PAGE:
And worse, some girls even suffer physical injury from porn-inspired sexual acts. The director of a domestic violence centre wrote to me a couple of years ago about the increase in porn-related injuries to girls aged 14 and up, from acts including torture:

“In the past few years we have had a huge increase in intimate partner rape of women from 14 to 80. The biggest common denominator is consumption of porn by the offender. With offenders not able to differentiate between fantasy and reality, believing women are ‘up for it’ 24/7, ascribing to the myth that ‘no means yes,’ oblivious to injuries caused and never ever considering consent. We have seen a huge increase in deprivation of liberty, physical injuries, torture, drugging, filming and sharing footage without consent.”

The Australian Psychological Society estimates that adolescent boys are responsible for around 20 per cent of rapes of adult women and between 30 and 50 per cent of all reported sexual assaults of children. Emeritus Professor Freda Briggs recently argued that online pornography is turning children into copycat sexual predators—acting out on other children what they are seeing in porn.

A 2012 review of research on “The Impact of Internet Pornography on Adolescents” found that adolescent consumption of internet pornography was linked to attitudinal changes, including acceptance of male dominance and female submission as the primary sexual paradigm, with women viewed as “sexual playthings eager to fulfil male sexual desires.” The authors found that “adolescents who are intentionally exposed to violent sexually explicit material were six times more likely to be sexually aggressive than those who were not exposed.”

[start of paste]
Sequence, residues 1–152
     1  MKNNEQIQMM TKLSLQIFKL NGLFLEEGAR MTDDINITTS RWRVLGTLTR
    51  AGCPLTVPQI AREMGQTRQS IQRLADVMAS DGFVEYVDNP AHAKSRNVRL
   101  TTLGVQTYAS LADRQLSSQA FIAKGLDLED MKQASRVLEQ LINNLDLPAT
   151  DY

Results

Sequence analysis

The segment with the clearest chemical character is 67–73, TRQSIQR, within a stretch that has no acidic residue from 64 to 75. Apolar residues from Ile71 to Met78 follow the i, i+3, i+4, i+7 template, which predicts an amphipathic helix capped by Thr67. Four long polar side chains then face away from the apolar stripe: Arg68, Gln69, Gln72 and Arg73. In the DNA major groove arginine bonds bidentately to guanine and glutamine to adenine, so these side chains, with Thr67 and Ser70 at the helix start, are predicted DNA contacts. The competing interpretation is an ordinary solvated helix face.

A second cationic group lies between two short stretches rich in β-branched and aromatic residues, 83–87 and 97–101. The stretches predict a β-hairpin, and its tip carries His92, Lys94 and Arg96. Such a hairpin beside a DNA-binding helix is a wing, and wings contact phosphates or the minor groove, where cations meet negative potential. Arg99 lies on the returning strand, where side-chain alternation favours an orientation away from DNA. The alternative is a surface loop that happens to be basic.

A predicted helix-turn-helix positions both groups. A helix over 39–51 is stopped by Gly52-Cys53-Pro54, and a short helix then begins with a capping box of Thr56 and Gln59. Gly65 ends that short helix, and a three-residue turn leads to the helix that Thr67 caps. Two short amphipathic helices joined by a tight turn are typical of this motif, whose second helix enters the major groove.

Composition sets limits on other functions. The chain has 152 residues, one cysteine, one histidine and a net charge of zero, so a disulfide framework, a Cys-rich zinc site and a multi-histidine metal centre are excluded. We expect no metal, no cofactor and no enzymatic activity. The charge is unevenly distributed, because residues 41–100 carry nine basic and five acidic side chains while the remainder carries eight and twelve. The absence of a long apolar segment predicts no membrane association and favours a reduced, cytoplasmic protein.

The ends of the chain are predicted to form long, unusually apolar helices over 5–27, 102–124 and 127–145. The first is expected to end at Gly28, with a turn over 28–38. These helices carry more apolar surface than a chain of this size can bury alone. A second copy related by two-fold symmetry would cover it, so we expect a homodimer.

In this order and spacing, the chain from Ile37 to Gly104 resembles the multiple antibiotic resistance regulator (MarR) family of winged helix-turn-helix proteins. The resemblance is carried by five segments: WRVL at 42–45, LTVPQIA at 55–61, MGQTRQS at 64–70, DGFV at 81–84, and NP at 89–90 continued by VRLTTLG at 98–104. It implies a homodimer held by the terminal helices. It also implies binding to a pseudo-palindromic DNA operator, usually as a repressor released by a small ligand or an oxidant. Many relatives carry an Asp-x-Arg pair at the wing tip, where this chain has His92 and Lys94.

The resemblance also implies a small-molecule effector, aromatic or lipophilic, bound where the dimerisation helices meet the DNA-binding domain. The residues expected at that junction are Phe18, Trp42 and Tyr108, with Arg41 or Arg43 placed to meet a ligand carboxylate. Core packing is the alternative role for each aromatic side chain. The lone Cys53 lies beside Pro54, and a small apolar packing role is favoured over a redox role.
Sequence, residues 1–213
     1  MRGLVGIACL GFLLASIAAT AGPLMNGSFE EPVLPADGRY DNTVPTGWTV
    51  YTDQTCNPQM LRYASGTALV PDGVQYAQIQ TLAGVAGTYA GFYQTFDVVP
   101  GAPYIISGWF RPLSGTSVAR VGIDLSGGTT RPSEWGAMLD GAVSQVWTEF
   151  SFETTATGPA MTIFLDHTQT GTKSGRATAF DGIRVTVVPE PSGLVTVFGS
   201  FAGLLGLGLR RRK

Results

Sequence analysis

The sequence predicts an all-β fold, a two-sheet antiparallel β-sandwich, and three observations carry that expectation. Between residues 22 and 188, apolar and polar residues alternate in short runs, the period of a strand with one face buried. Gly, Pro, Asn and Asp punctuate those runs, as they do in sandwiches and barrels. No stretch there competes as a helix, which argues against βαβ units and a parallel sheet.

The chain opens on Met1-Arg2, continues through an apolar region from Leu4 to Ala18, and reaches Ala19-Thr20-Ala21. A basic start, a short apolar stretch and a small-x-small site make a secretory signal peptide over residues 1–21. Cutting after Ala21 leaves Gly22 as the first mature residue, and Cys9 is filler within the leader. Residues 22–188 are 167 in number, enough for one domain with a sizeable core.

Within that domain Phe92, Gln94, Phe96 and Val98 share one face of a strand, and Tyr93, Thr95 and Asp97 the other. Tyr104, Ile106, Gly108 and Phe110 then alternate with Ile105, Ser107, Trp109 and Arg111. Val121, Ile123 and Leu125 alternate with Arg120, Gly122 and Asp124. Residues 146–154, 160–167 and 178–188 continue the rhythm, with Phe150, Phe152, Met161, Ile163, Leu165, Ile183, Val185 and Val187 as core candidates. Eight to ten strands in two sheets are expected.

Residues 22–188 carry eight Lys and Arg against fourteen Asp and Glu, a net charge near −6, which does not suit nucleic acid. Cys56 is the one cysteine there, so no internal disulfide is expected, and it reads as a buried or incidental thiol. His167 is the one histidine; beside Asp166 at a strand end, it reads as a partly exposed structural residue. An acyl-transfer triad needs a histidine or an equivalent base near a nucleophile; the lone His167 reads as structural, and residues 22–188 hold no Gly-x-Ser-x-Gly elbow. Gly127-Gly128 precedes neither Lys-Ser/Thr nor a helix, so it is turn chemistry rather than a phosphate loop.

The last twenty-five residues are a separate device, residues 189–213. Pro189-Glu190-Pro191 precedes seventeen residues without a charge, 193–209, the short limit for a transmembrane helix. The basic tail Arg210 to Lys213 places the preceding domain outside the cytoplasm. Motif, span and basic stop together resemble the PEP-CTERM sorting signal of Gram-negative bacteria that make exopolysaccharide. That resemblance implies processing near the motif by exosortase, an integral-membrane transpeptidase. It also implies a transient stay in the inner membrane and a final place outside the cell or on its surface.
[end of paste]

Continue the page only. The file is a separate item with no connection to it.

I have asked girls what messages they might like me to pass on to boys. So far, these messages include: “Stop commenting on our bodies,” “Stop demanding pictures,” “Rape jokes are never funny” and “Sex before the age of consent is illegal.”

The proliferation and globalisation of hypersexualised imagery and pornographic themes make healthy sexual exploration almost impossible. Sexual conquest and domination are untempered by the bounds of respect, intimacy and authentic human connection. Young people are not learning about intimacy, friendship and love, but about cruelty and humiliation. As a recent study found, “Online mainstream pornography overwhelmingly centred on acts of violence and degradation toward women, the sexual behaviours exemplified in pornography skew away from intimacy and tenderness and typify patriarchal constructions of masculinity and femininity.”

It is intimacy and tenderness that so many girls and young women say they are looking for. A young woman told me that on dating sites she lists under “fetish”: “wanting to stare longingly into someone’s eyes and to take sex slow.” She said if she didn’t put these desires in the “fetish” category, they wouldn’t warrant a second glance.

But how will young women find these sensual, slow-burn experiences in men indoctrinated by pornography? Psychologist Philip Zimbardo says of young men: “They don’t know the language of face to face contact. . . . Constant arousal, change, novelty excitement makes them out of sync with slow developing relationships—relationships which build slowly.”

It is wrong to leave sexual formation in the hands of the global sex industry. We need to do more to help young people stand up against warped notions of sexuality conveyed in pornography.

Fortunately, the ill-effects of the pornographic experiment on relationships and sexuality are being named out loud. A groundbreaking Australia-first symposium on the issue was recently held to a standing-room-only crowd and a current Senate inquiry is gathering evidence of the distorting harmful impacts of porn on our young people.

Most importantly, it’s young people themselves demanding change. Josie, 18, is quoted in the Plan Australia/Our Watch report: “We need some sort of crackdown on the violent pornography that is currently accessible to boys and men. This violent pornography should be illegal to make or view in Australia as we clearly have a problem with violence and boys are watching a lot of pornography which can be very violent. . . . This is influencing men’s attitudes towards women and what they think is acceptable. Violent pornography is infiltrating Australian relationships.”

Girls like Lucy and Josie deserve our response.

This article first appeared on the Opinion page of the ABC Religion and Ethics website.